It would be equally (and perhaps even more) great if we could accept and understand that this isn’t the same conversation as body positivity and the harm that conflating those two issues can do – not just on a larger scale of how society views and talks about body positivity and marginalised bodies, but also on a smaller, human scale of how it hurts owners of marginalised bodies to see their rallying cry taken over by people who’ve never walked a mile in their shoes.

    I posted something on Twitter recently about diversity and I think that applies here – in saying it’s important for a marginalised voice to be heard, and we should be making that easier by amplifying those voices, nobody is suggesting everyone else shouldn’t talk as well.

    It’s just about allowing someone else not to be drowned out by the fact that certain voices find it easier to be the loudest and most visible. And those are typically voices owned by white, middle class, straight, cis-gender people in average sized bodies. A lot of us in social media have an enormous amount of privilege in oh so many ways – and recognising that doesn’t mean ignoring the things we still find challenging, or asking for support in overcoming those challenges.

    • says

      I think you’re spot on, Sally, with us asking why so many feel the way they do. I also think it’s worth saying that it’s OK for someone to NOT feel confident about their body. It’s not some sign of failure if, despite all of the positive messages out there, they still feel crap about how they look. And I agree with your diversity comment. I think it’s important for everyone to be welcomed into a conversation about diversity, as long as they’re prepared to listen and learn (which I know Molly is) and it’s counter-productive to tell someone they can’t be part of a conversation because they are white/slim/straight/middle-class.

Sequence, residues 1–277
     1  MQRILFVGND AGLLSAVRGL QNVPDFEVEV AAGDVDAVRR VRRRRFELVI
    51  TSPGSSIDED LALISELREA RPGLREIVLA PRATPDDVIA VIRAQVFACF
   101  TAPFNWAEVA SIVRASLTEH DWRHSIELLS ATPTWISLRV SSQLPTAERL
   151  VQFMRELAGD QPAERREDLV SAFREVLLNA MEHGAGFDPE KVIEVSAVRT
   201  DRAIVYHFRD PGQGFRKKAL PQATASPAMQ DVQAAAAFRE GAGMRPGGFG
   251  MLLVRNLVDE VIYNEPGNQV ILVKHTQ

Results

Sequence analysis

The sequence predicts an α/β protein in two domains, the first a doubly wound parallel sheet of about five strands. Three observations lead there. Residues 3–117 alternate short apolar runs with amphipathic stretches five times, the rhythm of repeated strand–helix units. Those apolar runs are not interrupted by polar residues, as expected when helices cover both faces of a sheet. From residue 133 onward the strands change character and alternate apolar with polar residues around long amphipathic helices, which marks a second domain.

2. says

    Love this post. I had mixed feelings about the Red piece too. On one hand, it would be great if this conversation wasn’t needed, and as someone who doesn’t talk about diets or ‘being fat’ or anything negative body-wise around my daughter, I see the value in removing something from day to day conversation to help shape positive thoughts. But on the other hand…. are we at risk of sweeping it under the carpet? Forcing those conversations to be whispered because they’re taboo?
    I’m a size 14-18 depending on where I’m shopping and, like you, I’ve never been abused because of my body shape (well, as an adult anyway) but I have had so many issues with my body over the years – real, proper, ruin your day/week/month, suck the joy out of life issues. I’ve found the recent conversations around body confidence have helped me hugely and I think it’s important to keep having those conversations – and hearing from women of all shapes and sizes.

    • says